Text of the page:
it does give you a shortcut from Start / Programs. This only
leads to an Explorer web window showing enhanced directory shortcuts to the
various tools. If you're like me, irritated that everything under the
sun now has to look like a web page, you'll be sickened by this too.
Windows 2000 does manage to sport
a few useful improvements. One is the encrypted file system. NTFS
"security" was a joke to anyone with a DOS boot diskette.
Unfortunately, you cannot have files both encrypted and compressed.
Also, there's no way in Explorer to casually identify folders or files with
the encrypted attribute set - no option to set encrypted items to a different
color the way you can with compressed items.
Another "improvement" is
that Windows 2000 finally gives you back FAX ability, with simple but
thankfully uncrippled software. Those of you who "upgraded" from Windows
95 to Windows 98 without doing an over-the-top upgrade know exactly what I
mean. I'm certain that Bill Gates got a huge kickback from the authors
of WinFax for that bright move two years ago. 2000's FAX software can
use your modem or a variety of network/gateway TAPI drivers (not that any have
really been standardized yet). You can also include a simple cover page
or make your own. Oddly, our DOS heritage still shows somewhat here,
with a cover page template named "confdent". You can choose
immediate or scheduled sending. I prefer to call this feature a
I can hardly wait to find out
what Microsoft has broken next! It's not the 65,000 known bugs that
worry me - it's the other 100,000 unknown bugs that really have me on
June 2000 Update
Here it is, now nearly four months after
the release of Windows 2000, and I've finally gotten the nerve to try it on my
home PC. I've had some time to work with it elsewhere and discover just some of the
in's and out's, and even though I knew perfectly well I was in for a bumpy
ride, my impression hasn't changed much
After a motherboard upgrade left
my Win98 installation mis-detecting its sound drivers with no apparent
workaround, I decided to brave a Windows 2000 installation there...
Being that my home equipment is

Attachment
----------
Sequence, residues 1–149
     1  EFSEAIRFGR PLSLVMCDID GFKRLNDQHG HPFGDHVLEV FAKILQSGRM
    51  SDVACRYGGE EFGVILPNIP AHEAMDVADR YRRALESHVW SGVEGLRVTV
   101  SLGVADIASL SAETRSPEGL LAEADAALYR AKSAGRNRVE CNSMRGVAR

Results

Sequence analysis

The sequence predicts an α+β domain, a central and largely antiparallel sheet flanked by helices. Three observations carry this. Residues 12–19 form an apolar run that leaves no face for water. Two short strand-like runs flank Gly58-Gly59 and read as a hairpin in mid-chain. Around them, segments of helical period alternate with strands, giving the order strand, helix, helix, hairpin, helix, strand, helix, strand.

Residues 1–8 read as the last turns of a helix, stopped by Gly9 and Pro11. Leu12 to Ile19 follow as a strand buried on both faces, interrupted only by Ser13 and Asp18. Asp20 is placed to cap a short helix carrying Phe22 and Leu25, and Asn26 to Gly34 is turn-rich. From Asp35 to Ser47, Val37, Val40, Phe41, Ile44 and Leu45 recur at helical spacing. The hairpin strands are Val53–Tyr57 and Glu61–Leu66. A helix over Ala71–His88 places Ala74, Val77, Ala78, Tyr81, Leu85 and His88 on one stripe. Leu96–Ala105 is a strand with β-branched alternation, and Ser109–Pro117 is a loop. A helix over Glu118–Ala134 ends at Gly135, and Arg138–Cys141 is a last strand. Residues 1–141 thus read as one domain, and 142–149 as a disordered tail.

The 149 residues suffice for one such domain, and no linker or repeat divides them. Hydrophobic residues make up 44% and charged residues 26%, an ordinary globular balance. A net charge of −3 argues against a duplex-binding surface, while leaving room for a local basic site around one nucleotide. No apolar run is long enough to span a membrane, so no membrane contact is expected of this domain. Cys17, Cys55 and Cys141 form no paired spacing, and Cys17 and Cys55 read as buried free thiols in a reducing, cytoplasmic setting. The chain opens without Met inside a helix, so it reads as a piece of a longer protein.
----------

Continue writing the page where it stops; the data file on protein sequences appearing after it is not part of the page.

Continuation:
somewhat more up-to-date than the stuff at work, I've discovered the joys and
pains of ACPI - Advanced Configuration and Power Interface. It sounds
promising, doesn't it? It's not. If all the peripheral
card manufacturers would play nice and stop making PCI hardware that hogs
interrupts (contrary to PCI spec), and write their drivers completely to spec,
perhaps it would be OK. But to have
six or seven (or more) devices all sharing IRQ 9 and leaving 7, 10, 11,
14 and 15 completely untouched seems a bit insane. Instead with
is supposed to referee all those conflicts instead of software, and with
questionable results. You can
use a "Standard PC" OS kernel instead of the ACPI kernel and revert
to the Windows 9x approach for doling out IRQ's and managing them with the
BIOS and software, but Microsoft warns you not
to use Device Manager to do it. They recommend a complete
re-installation of Windows 2000! (You have to press [F5] during the
hardware detection phase and select the "Standard PC" kernel.)
Plug 'n Pray didn't work too
badly. Of course my IEEE-1394 ("Firewire") controller failed
to install because of the lack of native drivers, and Pinnacle Systems has been
disgracefully slow to roll out a new driver package for their DV300. The
Microsoft Force Feedback Pro joystick, although it failed to auto-detect,
installed manually just fine. The price of admission there is forfeiture of
the Game Device Profiler software (Win9x ONLY), so your force functions can
only be controlled via DirectPlay games that support that joystick's force
TV3500 video card worked in crippled mode (no TV) with Win2K's native drivers, but